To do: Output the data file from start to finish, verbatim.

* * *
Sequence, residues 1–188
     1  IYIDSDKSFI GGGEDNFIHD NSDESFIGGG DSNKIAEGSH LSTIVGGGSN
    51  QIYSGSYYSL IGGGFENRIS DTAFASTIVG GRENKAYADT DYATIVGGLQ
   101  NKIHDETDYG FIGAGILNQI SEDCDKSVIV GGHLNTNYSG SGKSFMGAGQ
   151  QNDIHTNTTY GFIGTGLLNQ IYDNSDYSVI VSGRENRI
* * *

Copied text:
Sequence, residues 1–188
     1  IYIDSDKSFI GGGEDNFIHD NSDESFIGGG DSNKIAEGSH LSTIVGGGSN
    51  QIYSGSYYSL IGGGFENRIS DTAFASTIVG GRENKAYADT DYATIVGGLQ
   101  NKIHDETDYG FIGAGILNQI SEDCDKSVIV GGHLNTNYSG SGKSFMGAGQ
   151  QNDIHTNTTY GFIGTGLLNQ IYDNSDYSVI VSGRENRI